Purpose of Review: Proton pump inhibitor (PPI) use in gastroesophageal reflux disease (GERD) has been redefined, in light of recent advances highlighting GERD phenotypes that respond to PPIs, and fresh revelations of potential risks of long-term PPI therapy. Recent Findings: Erosive esophagitis predicts excellent response to PPI therapy, but non-erosive reflux disease (NERD) with abnormal reflux parameters on ambulatory reflux monitoring also demonstrates a similar response. In contrast, response is suboptimal in the absence of abnormal reflux parameters. In this setting, if an alternate appropriate indication for PPI therapy does not coexist, risks may outweigh benefits of PPI therapy. Adverse events from long-term PPI therapy continue to be reported, most based on association rather than cause-and-effect. Summary: Appropriate indications need to be established before embarking on long-term PPI therapy. Future research will define true risks of long-term PPI therapy, and develop alternate management options for acid peptic diseases.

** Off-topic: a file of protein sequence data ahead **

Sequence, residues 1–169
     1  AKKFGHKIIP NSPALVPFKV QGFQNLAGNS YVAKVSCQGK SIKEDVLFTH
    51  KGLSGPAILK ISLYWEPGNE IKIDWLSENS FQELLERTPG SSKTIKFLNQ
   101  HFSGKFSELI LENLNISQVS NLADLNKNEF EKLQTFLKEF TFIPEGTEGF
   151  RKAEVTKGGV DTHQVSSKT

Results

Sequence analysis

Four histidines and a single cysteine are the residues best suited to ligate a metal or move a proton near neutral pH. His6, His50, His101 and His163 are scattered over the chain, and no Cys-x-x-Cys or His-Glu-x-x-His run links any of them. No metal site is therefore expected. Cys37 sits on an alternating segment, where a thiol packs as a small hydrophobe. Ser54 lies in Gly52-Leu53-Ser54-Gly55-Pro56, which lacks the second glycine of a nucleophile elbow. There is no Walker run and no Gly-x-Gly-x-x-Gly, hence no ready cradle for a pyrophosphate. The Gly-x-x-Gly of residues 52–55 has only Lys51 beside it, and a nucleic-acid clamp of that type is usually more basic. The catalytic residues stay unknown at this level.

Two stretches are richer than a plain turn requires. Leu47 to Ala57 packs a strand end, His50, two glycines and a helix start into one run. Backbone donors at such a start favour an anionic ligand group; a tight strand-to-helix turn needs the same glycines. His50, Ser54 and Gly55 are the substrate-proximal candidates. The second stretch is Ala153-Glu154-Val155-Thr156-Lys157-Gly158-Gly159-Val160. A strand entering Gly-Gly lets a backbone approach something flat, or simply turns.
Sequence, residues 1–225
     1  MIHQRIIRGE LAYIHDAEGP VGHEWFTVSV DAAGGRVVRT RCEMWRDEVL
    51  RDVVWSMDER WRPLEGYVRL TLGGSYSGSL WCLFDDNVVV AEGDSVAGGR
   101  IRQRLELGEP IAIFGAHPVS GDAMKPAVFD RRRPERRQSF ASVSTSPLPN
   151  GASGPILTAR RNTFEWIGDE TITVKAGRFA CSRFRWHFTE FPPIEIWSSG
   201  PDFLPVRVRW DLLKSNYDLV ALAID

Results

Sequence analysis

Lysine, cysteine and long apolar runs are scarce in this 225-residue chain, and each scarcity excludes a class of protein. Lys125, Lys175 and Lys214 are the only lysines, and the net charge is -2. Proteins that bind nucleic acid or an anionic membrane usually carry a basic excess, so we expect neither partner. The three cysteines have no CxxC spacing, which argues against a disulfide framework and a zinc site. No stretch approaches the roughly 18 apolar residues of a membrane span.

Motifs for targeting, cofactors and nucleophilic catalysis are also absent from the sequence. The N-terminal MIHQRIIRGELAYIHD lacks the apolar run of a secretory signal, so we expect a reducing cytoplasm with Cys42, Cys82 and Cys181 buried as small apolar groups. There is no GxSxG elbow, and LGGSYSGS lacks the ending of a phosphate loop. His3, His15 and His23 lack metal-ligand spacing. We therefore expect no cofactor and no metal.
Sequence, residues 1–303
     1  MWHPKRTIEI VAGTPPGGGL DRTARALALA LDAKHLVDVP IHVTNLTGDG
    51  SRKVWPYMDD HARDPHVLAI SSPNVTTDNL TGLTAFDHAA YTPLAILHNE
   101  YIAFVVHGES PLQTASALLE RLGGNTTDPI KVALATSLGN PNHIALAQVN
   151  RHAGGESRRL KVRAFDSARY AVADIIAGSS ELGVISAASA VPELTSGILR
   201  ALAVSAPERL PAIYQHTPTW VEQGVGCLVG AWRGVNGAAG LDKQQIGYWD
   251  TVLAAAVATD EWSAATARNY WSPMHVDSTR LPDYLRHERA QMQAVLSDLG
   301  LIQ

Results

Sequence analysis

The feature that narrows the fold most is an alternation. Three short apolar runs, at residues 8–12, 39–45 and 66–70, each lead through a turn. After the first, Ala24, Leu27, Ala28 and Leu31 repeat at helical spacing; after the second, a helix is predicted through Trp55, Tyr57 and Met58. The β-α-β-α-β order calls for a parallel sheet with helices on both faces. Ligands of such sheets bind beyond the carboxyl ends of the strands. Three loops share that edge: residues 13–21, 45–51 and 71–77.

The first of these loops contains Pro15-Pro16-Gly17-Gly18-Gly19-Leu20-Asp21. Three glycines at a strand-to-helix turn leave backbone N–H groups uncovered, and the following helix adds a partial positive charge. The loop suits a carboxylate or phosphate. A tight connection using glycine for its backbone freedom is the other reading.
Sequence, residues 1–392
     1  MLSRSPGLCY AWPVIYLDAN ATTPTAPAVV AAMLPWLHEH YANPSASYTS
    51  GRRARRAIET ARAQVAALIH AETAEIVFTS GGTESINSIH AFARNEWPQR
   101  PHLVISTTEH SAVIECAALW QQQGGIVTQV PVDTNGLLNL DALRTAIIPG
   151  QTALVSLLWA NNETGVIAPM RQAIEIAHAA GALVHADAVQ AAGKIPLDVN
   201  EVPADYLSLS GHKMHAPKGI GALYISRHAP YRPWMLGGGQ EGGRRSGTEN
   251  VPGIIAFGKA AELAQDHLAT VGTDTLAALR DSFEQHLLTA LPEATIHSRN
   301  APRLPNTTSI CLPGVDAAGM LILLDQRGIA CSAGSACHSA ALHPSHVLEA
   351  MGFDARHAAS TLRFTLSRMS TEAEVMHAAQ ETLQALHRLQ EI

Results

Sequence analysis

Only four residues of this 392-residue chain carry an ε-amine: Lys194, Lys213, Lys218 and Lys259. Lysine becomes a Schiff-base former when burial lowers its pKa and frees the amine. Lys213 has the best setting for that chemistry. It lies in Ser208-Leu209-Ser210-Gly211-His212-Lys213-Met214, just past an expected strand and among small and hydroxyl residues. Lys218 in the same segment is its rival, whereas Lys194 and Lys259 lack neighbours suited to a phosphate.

- Ambulatory reflux monitoring
- Esophageal manometry
- Gastroesophageal reflux disease
- Proton pump inhibitors: heartburn